Food markets across Kigali city were on January 19 flocked by crowds of people – retailers and wholesalers – following an announcement that the capital was returning to total lockdown.
The 15-day lockdown announced by a cabinet meeting on Monday is aimed at curbing the spread of Covid-19 in the city, which has been rampant in the past few days.
Food markets are part of essential services and will remain operational under strict measures during the lockdown, while transportation of food supplies to or from the markets within the city will remain unhindered.
Despite this however, on Tuesday, the markets across Kigali were characterised by huge numbers of shoppers, as people rushed to stock up supplies for the two weeks of lockdown.
Whereas some feared the markets will run out of supplies, others think neighbourhood stores which are also allowed to open throughout the lockdown, will take advantage of limited mobility to hike prices.
The New Times conducted a mini-survey across the city and found that while other commercial buildings and malls were almost empty with few open shops, food markets had many people, making it difficult to respect physical distancing in some of them.
Some shoppers found at Kwa Mutangana market in Nyabugogo area who talked to The New Times said that they were stocking up food supplies for different reasons.
Anicet Twishime, a resident of Kinyinya sector had bought 25 kilogrammes of rice, 15Kg of cassava flour, 25Kg of maize flour, 15Kg of beans, oil and some peanuts.
“I want to buy supplies that will last long. We are not sure if it will be possible to access major markets during the lockdown, which means we might be forced to buy from neighborhood shops yet we fear they may hike prices as was the case during the previous lockdown,” he said.
He bought a kilo of beans at Rwf800 while some other varieties of beans were being sold at Rwf900.
Joseline Ndayisenga, another buyer found at the same market said that some retailers in neighbourhood stores hike prices of some commodities simply because clients are not aware of the differences in prices.
At this market, the Tanzanian rice variety was going for Rwf22,500 while Irish potatoes are going for over Rwf400.
Some vendors were selling 25Kg of Pakistan rice at Rwf24,000.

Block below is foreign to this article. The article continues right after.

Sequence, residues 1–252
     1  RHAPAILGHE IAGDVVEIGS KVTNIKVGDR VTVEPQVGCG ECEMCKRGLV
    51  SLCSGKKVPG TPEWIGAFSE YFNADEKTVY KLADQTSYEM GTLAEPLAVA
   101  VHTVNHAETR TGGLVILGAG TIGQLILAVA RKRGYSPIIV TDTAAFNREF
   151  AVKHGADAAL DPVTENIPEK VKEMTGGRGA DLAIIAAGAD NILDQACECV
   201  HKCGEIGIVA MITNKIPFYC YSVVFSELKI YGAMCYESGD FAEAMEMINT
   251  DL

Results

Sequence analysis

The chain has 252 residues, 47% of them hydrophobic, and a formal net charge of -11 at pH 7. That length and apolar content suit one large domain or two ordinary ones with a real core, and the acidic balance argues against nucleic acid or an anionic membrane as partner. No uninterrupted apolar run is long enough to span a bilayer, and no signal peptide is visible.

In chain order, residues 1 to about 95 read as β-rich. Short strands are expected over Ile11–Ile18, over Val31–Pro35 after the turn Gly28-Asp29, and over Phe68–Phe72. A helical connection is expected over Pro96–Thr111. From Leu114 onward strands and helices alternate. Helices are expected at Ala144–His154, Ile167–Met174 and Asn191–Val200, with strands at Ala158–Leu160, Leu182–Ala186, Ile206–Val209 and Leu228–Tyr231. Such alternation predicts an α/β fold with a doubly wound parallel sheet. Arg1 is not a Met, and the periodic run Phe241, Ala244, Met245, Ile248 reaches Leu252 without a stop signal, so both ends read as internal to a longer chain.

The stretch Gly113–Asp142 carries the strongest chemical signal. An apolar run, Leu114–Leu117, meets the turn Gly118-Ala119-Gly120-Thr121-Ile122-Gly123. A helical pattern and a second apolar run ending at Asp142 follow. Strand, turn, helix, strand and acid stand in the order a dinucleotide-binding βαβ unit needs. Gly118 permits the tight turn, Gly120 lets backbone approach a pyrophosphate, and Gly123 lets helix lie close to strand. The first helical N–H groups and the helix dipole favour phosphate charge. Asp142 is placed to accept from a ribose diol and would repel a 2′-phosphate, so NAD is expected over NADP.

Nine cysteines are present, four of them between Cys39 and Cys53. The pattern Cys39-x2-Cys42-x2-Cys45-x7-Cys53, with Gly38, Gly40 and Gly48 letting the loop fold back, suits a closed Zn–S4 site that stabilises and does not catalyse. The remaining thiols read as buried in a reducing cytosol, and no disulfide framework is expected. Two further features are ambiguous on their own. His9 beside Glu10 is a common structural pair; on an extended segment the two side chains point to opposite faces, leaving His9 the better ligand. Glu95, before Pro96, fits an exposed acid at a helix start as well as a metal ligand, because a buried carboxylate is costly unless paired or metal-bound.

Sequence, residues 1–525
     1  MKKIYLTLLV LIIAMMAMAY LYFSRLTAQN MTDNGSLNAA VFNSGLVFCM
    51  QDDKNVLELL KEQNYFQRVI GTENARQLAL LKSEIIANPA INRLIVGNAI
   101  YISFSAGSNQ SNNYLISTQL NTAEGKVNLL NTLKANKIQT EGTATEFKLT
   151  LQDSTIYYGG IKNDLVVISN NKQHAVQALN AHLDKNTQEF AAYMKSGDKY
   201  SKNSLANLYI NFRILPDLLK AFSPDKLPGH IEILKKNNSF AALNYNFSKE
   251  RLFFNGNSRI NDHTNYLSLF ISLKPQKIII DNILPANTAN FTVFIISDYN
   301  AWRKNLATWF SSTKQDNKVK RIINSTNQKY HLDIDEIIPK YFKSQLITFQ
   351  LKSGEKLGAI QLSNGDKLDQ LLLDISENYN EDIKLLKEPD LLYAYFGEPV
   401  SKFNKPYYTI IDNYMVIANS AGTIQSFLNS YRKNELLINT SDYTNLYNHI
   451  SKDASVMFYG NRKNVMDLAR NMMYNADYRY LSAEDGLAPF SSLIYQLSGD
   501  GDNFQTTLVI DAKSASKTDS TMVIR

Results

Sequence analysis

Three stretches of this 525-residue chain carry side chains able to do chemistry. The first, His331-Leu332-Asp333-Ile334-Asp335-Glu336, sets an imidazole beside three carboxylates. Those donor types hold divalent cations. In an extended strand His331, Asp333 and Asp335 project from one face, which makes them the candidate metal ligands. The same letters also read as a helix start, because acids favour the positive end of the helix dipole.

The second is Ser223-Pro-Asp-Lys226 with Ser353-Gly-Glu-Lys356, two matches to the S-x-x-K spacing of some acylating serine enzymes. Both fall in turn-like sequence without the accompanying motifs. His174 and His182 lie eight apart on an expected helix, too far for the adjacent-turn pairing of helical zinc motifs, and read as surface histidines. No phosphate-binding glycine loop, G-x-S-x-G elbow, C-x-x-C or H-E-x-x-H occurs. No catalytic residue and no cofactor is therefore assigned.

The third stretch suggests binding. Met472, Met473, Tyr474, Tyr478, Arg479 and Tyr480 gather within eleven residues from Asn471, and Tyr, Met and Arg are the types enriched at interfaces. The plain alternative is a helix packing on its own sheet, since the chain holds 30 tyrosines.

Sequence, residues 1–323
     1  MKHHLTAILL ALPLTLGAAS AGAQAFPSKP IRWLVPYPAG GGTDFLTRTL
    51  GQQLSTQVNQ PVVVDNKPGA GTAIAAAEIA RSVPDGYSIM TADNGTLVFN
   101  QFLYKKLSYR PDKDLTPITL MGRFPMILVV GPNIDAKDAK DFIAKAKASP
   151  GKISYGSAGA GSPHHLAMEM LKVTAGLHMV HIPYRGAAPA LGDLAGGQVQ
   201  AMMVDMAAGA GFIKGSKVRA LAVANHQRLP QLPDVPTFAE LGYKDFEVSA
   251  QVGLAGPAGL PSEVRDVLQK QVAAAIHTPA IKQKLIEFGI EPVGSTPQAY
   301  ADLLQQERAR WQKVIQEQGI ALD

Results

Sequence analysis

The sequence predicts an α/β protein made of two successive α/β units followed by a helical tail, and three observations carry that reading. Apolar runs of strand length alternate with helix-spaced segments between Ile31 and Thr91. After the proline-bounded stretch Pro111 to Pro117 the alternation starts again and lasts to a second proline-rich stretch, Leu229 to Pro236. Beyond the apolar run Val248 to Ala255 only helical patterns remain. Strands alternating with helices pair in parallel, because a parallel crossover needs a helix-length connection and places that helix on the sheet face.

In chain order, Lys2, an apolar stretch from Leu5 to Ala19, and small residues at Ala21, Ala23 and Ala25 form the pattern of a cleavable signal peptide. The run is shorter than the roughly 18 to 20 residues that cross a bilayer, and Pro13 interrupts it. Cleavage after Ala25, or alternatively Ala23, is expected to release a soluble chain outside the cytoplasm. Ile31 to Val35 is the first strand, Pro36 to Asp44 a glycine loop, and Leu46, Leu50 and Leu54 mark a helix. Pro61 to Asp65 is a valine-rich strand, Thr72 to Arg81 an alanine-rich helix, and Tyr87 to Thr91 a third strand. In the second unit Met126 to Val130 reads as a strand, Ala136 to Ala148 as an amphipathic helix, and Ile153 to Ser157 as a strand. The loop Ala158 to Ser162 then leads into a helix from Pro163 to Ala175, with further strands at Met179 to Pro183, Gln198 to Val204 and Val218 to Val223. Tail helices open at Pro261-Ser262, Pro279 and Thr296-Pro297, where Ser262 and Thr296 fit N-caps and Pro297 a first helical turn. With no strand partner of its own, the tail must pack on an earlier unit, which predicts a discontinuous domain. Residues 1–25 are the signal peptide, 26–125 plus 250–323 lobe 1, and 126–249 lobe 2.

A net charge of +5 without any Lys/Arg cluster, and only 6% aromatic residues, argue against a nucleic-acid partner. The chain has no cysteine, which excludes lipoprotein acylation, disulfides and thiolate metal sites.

From both markets, the prices were relatively within range of the tariff on food commodities announced last week on January 11, 2021, by the Ministry of Trade and Industry.
The tariff shows that 25 kilogrammes of Tanzanian rice G1 should go for between Rwf20,000 and Rwf23,000 at wholesale price and between Rwf800 and Rwf1,000 at retail price per kilo.
Tanzanian rice G2 should be sold between Rwf16,500 and Rwf18,000 at wholesale for a bag of 25 kilos while retail price per kilo should be between Rwf750 and Rwf800.
Less demand for fruits and vegetables
Meanwhile, the visit to fruit and vegetables stalls at outlets including Kwa Mutangana, Nyabugogo modern market and Nyarugenge Market were not as crowded as other stalls with vendors reporting less demand.
“People are afraid of buying large quantities of fruits and vegetables because they can’t last long. They probably think of accessing them daily in neighborhood shops,” said Pauline Uwizeyimana, a vendor at Nyabugogo modern market.
Many private cars were also seen at Nyarugenge market loading sacks of food commodities.
“We ask the ministry of trade to monitor so that prices are not hiked in neighborhood shops because it is what many are fearing,” a client with a vehicle at the market said.
During the lockdown last year, the Ministry of Trade and Industry cautioned retailers and wholesalers against taking advantage of the novel coronavirus outbreak to increase prices of products.
As a consequence some businesses were slapped with fines.